PowerShares Senior Loan Index ETF (TSX: BKL.F)
One of the appeals of floating-rate investments is that there is very
little duration risk because the interest rate earned fluctuates with a
reference rate, quite often LIBOR. This makes them attractive in periods of
rising yields, and that has been the case so far this year.
For the 12 months ending October 31, this ETF rose by more than 2.67%,
while the FTSE/TMX Short Term Bond Index fell by 0.13%, and the broader
FTSE/TMX Canada Universe Bond Index was off nearly 0.47%. The drop in the
indices was the result of a rise in yields, which have been quite volatile
in the first year of the Trump Administration. The combination of the U.S.
Federal Reserve increasing rates last December, combined with market
expectations of Trump’s economic plans likely to result in higher inflation
has pushed global yields up. In Canada, the benchmark Government of Canada
5-year bond saw its yield rise from 0.96% a year ago to a recent 1.68%. It
was a similar story with other rates, with the three-month LIBOR rate
jumping from 0.91% to 1.39% in the same period.
With the underlying reference rate on the rise, so too were the prices of
many of the loans in the portfolio. The gain in the portfolio was
significantly lower than the rise in the underlying yield in the portfolio.
This is because many of the loans had a rate floor in place, meaning the
lowest rate the loan would pay was set at a predetermined level. In most
cases, this floor rate was set at 1%, so even though there was a sharp rise
in the reference rate, the coupon rates on many of the loans wouldn’t move
higher until LIBOR crossed 1%. Now that LIBOR is above this threshold,
Invesco estimates that nearly 95% of floating rate loans meet or exceed
their floor, making them true floaters once again.
Whether or not the U.S. Federal Reserve raises rates before the end of the
year, it is widely expected there will be increased volatility in the
interest rate markets. That should prove to be a positive for floating rate
products, particularly if we see further upward pressure on yields.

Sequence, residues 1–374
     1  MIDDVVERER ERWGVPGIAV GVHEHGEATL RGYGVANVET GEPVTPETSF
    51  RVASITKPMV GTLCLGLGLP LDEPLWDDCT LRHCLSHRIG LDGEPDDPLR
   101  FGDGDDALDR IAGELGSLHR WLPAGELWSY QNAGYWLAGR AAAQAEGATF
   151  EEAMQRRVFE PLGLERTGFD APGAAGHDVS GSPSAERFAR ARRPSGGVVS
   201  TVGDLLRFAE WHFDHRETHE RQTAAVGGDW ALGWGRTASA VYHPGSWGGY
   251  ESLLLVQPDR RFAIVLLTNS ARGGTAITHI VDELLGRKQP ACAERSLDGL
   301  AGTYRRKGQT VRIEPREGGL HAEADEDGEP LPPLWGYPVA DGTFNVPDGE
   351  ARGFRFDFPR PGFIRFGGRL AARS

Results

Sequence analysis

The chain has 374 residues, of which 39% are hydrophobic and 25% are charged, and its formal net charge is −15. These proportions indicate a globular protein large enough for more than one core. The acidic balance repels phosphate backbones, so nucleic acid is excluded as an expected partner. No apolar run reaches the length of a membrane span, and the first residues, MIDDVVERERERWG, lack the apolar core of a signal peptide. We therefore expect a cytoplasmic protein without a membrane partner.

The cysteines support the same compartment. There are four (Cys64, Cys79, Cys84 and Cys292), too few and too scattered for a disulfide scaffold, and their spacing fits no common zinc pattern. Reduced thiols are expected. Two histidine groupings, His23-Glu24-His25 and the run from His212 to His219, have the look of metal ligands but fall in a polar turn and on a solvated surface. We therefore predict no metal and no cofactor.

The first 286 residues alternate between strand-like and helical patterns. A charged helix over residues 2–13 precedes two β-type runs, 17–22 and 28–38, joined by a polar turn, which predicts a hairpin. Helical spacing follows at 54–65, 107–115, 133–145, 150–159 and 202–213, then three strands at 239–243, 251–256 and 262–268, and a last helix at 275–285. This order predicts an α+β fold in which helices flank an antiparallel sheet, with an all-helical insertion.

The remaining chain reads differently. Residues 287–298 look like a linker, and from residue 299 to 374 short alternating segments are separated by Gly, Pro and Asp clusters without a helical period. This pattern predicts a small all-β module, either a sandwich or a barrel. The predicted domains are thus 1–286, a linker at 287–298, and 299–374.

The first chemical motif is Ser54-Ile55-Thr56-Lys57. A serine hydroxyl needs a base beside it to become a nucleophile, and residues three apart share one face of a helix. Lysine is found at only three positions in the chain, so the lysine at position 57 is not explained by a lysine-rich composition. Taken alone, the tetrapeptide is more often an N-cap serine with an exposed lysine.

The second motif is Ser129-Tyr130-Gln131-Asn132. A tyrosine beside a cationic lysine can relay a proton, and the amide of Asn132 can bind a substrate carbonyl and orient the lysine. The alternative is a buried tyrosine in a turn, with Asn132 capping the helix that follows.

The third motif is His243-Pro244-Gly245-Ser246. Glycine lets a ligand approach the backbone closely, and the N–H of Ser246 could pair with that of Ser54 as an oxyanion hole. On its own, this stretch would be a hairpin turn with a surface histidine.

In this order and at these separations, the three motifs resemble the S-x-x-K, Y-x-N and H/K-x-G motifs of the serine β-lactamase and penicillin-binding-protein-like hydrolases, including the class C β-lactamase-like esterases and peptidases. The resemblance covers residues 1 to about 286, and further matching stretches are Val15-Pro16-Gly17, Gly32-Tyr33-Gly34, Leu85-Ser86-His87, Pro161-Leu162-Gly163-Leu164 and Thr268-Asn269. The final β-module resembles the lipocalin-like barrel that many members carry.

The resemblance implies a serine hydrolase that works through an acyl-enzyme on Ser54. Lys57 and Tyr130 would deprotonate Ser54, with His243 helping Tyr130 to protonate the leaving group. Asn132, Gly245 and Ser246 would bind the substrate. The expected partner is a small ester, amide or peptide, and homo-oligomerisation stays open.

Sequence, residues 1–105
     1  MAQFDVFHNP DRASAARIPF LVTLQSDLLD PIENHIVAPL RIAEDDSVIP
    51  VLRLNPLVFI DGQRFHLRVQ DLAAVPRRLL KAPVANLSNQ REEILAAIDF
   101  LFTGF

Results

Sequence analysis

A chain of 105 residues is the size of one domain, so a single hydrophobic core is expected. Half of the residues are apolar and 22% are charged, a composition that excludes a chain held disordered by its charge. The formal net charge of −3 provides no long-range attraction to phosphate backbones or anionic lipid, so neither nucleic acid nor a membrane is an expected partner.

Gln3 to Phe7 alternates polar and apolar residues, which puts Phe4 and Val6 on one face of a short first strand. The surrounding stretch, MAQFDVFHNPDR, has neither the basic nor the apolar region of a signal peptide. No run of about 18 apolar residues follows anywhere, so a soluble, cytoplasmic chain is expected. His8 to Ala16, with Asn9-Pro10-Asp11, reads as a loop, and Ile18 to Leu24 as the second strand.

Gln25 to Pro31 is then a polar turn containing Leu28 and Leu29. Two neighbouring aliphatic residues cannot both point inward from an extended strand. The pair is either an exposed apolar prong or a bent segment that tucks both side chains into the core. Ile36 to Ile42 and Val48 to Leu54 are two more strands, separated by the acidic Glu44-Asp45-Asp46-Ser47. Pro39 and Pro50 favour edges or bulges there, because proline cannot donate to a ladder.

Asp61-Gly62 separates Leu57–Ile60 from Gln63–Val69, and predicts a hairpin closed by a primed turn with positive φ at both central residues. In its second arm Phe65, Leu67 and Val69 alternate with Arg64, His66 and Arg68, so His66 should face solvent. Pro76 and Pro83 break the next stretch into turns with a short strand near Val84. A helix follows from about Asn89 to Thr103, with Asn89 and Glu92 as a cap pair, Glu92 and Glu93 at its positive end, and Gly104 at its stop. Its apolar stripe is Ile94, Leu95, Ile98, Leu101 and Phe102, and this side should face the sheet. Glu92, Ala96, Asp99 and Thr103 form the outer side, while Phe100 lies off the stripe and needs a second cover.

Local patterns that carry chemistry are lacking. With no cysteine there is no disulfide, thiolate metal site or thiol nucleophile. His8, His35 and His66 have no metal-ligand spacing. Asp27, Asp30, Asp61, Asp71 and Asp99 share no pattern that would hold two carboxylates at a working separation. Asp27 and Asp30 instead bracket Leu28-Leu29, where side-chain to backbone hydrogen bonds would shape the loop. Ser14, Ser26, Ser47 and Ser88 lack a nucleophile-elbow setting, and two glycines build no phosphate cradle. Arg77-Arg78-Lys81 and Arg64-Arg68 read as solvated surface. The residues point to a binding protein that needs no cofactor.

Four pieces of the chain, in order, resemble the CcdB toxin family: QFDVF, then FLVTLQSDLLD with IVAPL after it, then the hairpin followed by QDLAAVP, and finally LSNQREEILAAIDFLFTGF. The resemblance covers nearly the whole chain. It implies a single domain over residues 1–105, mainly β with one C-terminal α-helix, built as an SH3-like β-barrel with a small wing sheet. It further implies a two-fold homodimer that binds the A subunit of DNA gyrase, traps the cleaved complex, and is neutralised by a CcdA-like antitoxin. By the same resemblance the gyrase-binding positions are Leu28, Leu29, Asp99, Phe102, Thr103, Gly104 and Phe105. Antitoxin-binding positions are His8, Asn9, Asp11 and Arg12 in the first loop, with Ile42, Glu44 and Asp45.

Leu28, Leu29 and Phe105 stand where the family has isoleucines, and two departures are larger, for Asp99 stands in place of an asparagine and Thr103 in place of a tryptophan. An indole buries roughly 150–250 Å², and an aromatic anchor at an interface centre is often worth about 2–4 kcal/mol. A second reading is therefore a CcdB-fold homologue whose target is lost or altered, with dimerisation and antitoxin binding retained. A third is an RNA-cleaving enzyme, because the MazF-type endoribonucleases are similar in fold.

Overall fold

This remains my top fixed-income ETF pick. It offers broad exposure to
floating rate loans, has a yield to maturity of 4.7%, and is available at a
reasonable cost. This can be a solid addition to the fixed-income sleeve of
your well-diversified portfolio.
PowerShares Tactical Bond ETF (TSX: PTB)
This is a tactically-managed portfolio that invests in a mix of underlying
fixed-income ETFs. Because of this tactical approach, I believe it has the
potential to outperform a passive bond index, particularly in periods of
market volatility. That has happened year to date, with the ETF gaining
2.23% as of the end of October, a modest outperformance of the broader
FTSE/TMX Canada Universe Bond Index at 2.13%.
At the end of October, about half was invested in short term, investment
grade bonds, which outperformed. This contributed to the fund’s modest
outperformance. Also, contributing to the return was the allocation to
The ETF did what I expected it to do – outperform in a volatile market. The
tactical management from Invesco’s Intactive team aims for risk-managed
exposure to the various segments of the fixed-income market. This can help
the fund hold up better in periods of volatility.
The drawback comes from the team’s consistency in executing the strategy.
So far, it has been decent, but unspectacular, and as of Oct. 31,
performance has somewhat lagged the broader market for 3- and 5-year
periods. Another drawback to this ETF is its cost, with a management fee of
0.49%, compared with 0.12% for
Vanguard’s Aggregate Bond Index ETF (TSX: VAB).
Still, I see this fund as having the potential to outperform in a volatile
market, helping to more than offset its higher cost.
Dave Paterson, CFA, is the Director of Research, Investment Funds for
D.A. Paterson & Associates Inc., a consulting firm specializing in providing research and due
diligence on a variety of investment products. He is also the publisher
Dave Paterson’s Top Funds Report,
offering regular commentary and in-depth analysis of Canada’s top
investment funds. He uses a unique analytical approach to identify
funds with strong, risk-adjusted returns, and regularly publishes his
insights and analyses in Fund Library.
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